Radon. We've all heard about it. We know it can be harmful. But what exactly is Radon and how can it be a danger in your Albuquerque home?
Radon is an invisible, odorless gas that can seep into various types of structures, including but not limited to basements, slabs and crawl spaces. The only way to know if it is present at dangerous levels is to test for it. Radon is produced when uranium breaks down in soil, rock and water. It can come into your home through cracks in floors and walls, construction joints or gaps around service pipes, electrical wires and sump pits. According to the EPA, nearly one out of every 15 homes in America has elevated radon levels. An estimated 20,000 deaths from lung cancer are blamed on radon exposure.
Breathing in these radioactive particles, drinking water with high radon levels, or being exposed to radon for long periods of time can make you susceptible to lung damage and lung cancer. If you are a smoker, this will increase your chance of developing lung cancer by 10 times.
It may take years before health problems appear. Your chances of getting lung cancer from radon depend mostly on:
- How much radon is in your home
- Where you spend most of your time (the main living and sleeping areas)
- The amount of time you spend in your home
- Whether you are a smoker or have ever smoked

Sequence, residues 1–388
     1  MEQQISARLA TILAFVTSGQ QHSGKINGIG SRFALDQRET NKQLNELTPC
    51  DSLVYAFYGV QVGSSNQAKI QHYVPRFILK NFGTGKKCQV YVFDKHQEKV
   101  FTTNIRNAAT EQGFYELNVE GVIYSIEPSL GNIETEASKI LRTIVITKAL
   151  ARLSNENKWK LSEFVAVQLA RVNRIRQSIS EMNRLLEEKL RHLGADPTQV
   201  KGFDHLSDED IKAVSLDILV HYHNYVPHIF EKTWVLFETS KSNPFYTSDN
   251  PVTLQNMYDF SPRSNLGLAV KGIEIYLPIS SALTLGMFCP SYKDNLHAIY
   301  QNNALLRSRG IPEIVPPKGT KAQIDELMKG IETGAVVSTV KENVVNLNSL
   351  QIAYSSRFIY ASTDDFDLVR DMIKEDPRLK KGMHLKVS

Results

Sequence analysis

- Test Your Home for Radon Gas Exposure
- Old homes, new homes, homes with basements and homes without basements can have radon problems.
If you suspect your home may have radon issues, you should hire a professional tester. You can also use a short-term (2-90 day) or long-term (more than 90-day) test kit. You will get a more accurate result from the long-term kit. Most hardware stores will carry these kits.
While there is no level of radon that is considered completely safe, the EPA recommends reducing radon levels in your home if your long-term exposure averages 4 picocuries per liter (pCI/L) or higher. A pCI is a measure of the rate of radioactive decay of radon gas. This decay causes radioactive particles that can get trapped in your lungs when you breathe.
Reduce Radon Gas in Your Home
If you home tests positive for radon, you can take steps to reduce those levels. This includes sealing cracks in floors and walls and increasing ventilation though sub-slab depressurization using pipes and fans. This work should be done by a certified contractor who has the skills to make sure the work is done properly. The standards set for such a certification are from The American Association of Radon Scientists and Technologists and the National Radon Safety Board.
You should continue to test for radon after the work is done and every two years after that. January is a good time to remember to test for radon, as The U.S. Environmental Protection Agency has designated January as National Radon Action Month.
Radon exposure can pose a threat to the health of you and your family. Make sure you take action to reduce your exposure to Radon today.